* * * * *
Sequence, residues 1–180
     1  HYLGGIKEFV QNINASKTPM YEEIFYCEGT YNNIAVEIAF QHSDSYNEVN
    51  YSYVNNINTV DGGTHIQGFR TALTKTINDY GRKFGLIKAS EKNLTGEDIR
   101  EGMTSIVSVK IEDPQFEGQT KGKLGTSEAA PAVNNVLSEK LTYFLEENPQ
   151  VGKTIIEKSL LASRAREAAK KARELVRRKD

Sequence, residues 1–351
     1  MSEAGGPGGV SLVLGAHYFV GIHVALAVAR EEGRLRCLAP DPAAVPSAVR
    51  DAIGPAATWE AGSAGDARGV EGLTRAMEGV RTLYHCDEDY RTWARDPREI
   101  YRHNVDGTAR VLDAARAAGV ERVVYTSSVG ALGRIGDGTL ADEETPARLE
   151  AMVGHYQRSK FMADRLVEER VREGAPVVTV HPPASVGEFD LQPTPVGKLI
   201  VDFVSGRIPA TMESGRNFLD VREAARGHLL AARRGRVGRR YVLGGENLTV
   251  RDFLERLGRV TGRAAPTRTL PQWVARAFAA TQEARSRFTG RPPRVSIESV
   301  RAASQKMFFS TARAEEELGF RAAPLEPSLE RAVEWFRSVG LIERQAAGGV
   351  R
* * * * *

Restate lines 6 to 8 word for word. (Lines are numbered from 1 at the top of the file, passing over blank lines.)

Sequence, residues 1–351
     1  MSEAGGPGGV SLVLGAHYFV GIHVALAVAR EEGRLRCLAP DPAAVPSAVR
    51  DAIGPAATWE AGSAGDARGV EGLTRAMEGV RTLYHCDEDY RTWARDPREI